Friday, August 14, 2009

Arizona Sheriff Raids Paper Factory






There is a truly tasteless joke that goes as follows.

Q) What is the definition of mixed emotions?

A) Your brand new Mercedes going off a cliff with your mother in law inside.

I feel similarly mixed emotions whenever I read about Joe Arpaio, Sheriff of Maricopa County, Arizona. His latest appearance in the news concerns an immigration raid on the Royal Paper Converting Company plant in Phoenix Arizona. According to the Associated Press, it was the second such raid in a year. It netted 44 arrests with nine individuals turned over to federal authorities . The others were charged with felony identity theft.

I found myself applauding Arpaio for actually enforcing our country's immigration laws. New York City proudly proclaims its refusal to getting involved in immigration law enforcement. Many other municipalities have similarly shredded the oath of office to uphold the law.

Despite this, I am tired of Joe Arpaio for many reasons. He proudly shows off the discomfort he inflicts on prisoners under his jurisdiction, from pink jump suits to taunting them with the Food Channel on jailhouse TV.

What I most dislike is Arpaio's perpetual grandstanding. He has a public relation's staff of five. He has an ego the size of Arizona. I do not like the idea of coddling inmates. Prison should be an austere environment geared towards a mix of deterrence, treatment and restitution. There is actually an element of science to what works best in law enforcement.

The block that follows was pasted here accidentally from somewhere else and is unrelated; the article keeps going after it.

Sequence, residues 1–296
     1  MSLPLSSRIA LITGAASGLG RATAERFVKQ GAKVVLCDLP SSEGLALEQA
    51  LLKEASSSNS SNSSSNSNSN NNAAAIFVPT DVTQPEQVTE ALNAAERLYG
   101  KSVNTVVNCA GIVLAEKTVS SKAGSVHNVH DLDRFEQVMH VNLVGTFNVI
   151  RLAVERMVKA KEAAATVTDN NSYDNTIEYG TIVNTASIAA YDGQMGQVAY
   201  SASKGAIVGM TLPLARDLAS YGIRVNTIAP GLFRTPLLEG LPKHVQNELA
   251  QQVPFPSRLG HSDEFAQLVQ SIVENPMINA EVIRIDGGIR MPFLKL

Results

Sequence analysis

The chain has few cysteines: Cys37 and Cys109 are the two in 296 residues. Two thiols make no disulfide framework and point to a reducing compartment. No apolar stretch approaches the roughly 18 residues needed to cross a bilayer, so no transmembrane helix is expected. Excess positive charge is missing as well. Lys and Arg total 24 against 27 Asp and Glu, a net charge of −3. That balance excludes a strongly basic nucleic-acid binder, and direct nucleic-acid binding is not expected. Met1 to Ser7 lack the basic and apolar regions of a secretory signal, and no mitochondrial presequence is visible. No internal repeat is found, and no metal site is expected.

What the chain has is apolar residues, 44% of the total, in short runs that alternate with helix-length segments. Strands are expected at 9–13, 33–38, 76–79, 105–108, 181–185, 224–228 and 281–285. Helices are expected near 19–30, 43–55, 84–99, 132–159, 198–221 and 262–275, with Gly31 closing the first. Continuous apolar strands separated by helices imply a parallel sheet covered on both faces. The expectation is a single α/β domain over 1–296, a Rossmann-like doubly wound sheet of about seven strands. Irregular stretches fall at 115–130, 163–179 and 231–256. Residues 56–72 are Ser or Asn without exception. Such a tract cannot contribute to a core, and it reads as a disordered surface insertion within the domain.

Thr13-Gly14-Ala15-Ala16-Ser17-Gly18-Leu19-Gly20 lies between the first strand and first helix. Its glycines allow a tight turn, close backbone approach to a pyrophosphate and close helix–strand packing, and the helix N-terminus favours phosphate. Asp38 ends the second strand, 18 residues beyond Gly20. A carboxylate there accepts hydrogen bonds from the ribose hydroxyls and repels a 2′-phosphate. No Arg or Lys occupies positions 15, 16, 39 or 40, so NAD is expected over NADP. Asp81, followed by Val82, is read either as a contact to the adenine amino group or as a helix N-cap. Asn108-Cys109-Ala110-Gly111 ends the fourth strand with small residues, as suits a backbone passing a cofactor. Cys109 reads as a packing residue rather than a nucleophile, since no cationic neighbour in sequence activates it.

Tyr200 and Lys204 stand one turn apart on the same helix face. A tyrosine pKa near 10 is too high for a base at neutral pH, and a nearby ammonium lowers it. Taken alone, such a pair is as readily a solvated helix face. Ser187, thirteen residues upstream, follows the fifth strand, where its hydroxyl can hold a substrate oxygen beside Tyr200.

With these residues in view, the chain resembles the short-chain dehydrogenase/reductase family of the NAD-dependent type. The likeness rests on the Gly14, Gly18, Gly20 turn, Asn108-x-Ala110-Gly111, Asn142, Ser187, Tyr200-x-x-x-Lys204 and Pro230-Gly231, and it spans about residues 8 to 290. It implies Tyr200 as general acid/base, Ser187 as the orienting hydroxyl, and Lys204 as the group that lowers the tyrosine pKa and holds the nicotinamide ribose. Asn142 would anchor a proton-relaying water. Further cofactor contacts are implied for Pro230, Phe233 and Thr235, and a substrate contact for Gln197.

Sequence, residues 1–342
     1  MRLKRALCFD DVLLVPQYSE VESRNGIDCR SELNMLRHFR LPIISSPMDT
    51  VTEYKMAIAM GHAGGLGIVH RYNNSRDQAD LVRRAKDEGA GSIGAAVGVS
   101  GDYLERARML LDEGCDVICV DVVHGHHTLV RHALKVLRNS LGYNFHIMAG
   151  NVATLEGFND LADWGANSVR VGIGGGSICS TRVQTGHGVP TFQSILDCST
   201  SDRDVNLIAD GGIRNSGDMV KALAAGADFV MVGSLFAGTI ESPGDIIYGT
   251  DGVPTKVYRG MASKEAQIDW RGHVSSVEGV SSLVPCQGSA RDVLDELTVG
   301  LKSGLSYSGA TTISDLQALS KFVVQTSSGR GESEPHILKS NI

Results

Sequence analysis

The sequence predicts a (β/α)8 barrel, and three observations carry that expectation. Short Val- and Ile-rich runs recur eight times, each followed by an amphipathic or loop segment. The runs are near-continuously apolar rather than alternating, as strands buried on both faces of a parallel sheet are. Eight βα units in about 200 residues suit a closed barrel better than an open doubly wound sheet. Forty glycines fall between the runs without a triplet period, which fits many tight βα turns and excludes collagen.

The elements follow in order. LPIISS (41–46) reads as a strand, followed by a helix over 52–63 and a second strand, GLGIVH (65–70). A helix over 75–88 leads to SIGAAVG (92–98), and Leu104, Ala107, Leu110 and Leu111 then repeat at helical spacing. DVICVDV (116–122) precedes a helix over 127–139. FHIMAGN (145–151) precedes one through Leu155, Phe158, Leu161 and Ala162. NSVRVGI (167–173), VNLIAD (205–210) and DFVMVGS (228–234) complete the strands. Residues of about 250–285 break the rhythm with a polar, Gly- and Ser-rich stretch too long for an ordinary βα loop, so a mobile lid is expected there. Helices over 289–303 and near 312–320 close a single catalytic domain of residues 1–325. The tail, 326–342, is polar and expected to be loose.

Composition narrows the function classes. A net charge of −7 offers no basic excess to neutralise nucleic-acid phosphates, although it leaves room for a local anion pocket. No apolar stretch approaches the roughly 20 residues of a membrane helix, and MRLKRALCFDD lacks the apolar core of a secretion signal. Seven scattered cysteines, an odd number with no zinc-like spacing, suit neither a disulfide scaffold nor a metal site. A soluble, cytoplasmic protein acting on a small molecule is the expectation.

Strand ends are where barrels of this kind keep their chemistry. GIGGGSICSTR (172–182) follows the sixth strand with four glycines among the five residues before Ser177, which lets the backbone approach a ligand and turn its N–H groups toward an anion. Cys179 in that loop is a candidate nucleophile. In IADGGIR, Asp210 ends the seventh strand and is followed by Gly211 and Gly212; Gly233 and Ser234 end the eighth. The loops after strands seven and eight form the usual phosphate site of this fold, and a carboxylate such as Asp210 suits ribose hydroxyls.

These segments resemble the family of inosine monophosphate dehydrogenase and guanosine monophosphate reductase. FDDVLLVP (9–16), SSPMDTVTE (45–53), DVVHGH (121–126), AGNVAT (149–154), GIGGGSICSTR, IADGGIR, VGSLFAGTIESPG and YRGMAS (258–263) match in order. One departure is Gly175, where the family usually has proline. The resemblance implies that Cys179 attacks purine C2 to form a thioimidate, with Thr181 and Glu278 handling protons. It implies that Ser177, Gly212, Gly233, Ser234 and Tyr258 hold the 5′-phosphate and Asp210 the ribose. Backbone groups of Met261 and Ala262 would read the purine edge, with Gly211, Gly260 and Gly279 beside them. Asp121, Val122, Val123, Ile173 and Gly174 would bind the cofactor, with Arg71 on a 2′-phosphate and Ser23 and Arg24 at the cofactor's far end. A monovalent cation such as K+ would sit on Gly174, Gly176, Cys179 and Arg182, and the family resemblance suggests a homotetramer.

New York City has cut its crime drastically through a "broken windows" policy and a crackdown on quality of life crimes. It didn't take a public relations staff to let New Yorkers know that squeegee men and aggressive panhandlers were getting attention from law enforcement.

New York City has a well trained police force. Letting them do their jobs without politically motivated interference makes a major difference. There is actually a place for treating a law breaker like a human being, even as you put him through the system. I was at a precint meeting where a young man who had had his brushes with the law came back to publicly thank a police officer who had taken an interest in him as a human being and not as a crime statistic.

There is a place for the law to express public disapproval of anti-social behavior. The societal desire for revenge is meant to be channelled, not eliminated.

I approve of enforcing laws. I have lived through politicised non enforcement of basic laws. Under the administration of the vastly overrated Mayor Ed Koch, I used to buy my cigarettes from stores that openly sold marijuana. I was not a toker back then. If I knew where to buy weed, the cops did as well. That came to an end under Rudy Giuliani. Whatever you can say about Giuliani and his relationship with African Americans in New York, his crime policies saved many lives in African American communities.

Arpaio is heavily into self promotion. His act has worn very thin. He is getting old. He will probably retire soon. I hope that a real police chief who served under Rudy Giuliani or subscribes to Giuluiani's approach to law enforcement comes to replace him. I admit that Arpaio has a big set of shoes to fill. But so does Bozo the Clown. Sphere: Related Content

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